Don’t Know Your Left from Your Right? Hands Up, We Won’t Tell…
We do not wish to be judgmental, but some folks do not appear to know which is right and which is left, just take a drive in any city on the planet and you will see what we mean – left blinker on and the driver turns right, and vice versa.
As previously discussed Knowing who has Right of Way is very important for boaters in traffic entering or leaving a port or a marina, so, knowing right from left is a tad important.
Nautical parlance uses Port and Starboard in place of Left and Right, but if one does not know Left from Right that becomes problematic. Navigation lights on any ship are Red for Port and Green for Starboard. Running at sea at night time without navigation lights is extremely dangerous, be seen and be safe.
It may help to use this saying, ‘There is No Red Port Left in the bottle.’ Red is port, left is port.
The most important lights on a boat are the running lights, so much so that any boat larger than 5 metres requires them – however, if your boat is smaller it makes good sense to use them, fog and other nasty weather conditions can happen, or having had a brilliant days’ sailing the light drops fast and whoops it is dark! Be seen, be safe! Running lights include a white light at the stern – the back of the boat in addition to port and starboard as mentioned above. The coloured lights should be visible from forward of the boat and from the rear, they can be mounted in a number of ways so long as they are clearly visible, but they must be covered allowing an observer/look out to see only the relevant colour clearly. Power boats must show the three lights as above and must always show a white light at the masthead – high enough to be clearly seen from a distance to the front.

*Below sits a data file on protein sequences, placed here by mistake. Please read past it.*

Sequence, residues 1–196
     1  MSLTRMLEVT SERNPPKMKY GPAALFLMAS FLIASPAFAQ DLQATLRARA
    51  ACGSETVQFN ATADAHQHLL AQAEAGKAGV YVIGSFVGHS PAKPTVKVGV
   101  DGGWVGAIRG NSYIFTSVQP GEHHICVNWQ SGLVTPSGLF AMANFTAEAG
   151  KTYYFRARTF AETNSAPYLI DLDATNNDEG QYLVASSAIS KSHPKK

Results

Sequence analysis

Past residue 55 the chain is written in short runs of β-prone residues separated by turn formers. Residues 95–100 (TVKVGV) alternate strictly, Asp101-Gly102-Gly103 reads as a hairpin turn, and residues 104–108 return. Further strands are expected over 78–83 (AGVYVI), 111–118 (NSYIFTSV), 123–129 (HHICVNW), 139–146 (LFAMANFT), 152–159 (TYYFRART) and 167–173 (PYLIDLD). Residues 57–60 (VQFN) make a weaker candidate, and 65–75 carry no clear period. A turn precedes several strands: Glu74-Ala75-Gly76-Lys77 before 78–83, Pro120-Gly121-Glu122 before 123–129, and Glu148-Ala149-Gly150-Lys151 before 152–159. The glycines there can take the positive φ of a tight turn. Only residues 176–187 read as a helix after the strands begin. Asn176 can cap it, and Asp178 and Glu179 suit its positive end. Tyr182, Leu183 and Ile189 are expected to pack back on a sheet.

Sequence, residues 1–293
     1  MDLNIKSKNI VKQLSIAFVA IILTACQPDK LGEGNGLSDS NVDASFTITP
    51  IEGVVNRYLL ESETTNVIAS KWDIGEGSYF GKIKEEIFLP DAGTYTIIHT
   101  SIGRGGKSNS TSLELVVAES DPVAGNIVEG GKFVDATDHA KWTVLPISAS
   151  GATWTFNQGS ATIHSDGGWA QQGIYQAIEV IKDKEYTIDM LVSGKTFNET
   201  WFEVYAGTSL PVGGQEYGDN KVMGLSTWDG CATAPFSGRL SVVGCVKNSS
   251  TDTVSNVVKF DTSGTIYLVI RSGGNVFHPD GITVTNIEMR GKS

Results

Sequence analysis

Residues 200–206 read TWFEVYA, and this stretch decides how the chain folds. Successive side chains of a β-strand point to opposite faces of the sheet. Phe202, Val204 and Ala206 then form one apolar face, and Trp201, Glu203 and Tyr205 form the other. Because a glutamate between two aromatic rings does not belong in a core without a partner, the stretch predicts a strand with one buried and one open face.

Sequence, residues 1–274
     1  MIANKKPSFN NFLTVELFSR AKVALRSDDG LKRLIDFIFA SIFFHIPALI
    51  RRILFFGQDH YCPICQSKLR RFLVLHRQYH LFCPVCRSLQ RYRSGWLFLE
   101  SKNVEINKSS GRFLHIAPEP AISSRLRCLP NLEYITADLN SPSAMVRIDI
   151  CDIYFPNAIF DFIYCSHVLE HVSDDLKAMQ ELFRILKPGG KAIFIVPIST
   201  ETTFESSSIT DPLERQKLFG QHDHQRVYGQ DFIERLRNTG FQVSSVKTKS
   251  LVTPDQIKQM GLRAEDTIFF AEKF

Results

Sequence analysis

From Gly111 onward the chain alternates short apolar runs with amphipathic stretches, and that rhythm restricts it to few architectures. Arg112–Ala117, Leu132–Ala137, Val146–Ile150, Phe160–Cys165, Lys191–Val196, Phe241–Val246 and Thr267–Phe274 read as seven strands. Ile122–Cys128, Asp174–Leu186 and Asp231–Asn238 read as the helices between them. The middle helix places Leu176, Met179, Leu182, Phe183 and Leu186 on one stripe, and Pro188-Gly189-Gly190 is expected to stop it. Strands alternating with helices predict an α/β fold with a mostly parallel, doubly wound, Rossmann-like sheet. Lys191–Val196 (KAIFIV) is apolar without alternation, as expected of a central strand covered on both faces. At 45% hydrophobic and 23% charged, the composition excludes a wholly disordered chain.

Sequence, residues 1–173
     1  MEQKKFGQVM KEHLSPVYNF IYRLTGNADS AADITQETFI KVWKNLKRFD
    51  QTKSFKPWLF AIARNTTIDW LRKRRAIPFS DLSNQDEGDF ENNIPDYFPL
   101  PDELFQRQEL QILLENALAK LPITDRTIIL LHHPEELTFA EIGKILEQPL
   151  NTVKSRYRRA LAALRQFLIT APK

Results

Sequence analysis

Well trained boating people will appreciate the points made herein, confusion means chaos and amateur boaters must learn the rules for safety’s sake. Professional training is recommended for all boaters.
Common sense dictates that knowing left/port from right/starboard enables better communication – with everyone including rescuers, better navigation as 10 degrees in the wrong direction could mean going aground and it makes you a more competent sailor.
There are situations in which ensuring that the unwary boater can tell instantly which is left/port and right/starboard may require special attention, by painting a fixed item on the boat on opposing sides in the relevant colour it can act as a reminder to those who otherwise may become confused.
Sailing is an inclusive sport and we don’t want people being unable to cope because they get confused. In the 21st Century there must be innumerable ways to mark Port and Starboard for the sake of those less able, we invite members to send us their recommendations.
Please send in your suggestions and we will post them in Novembers edition of the newsletter.
Author: Roger Langley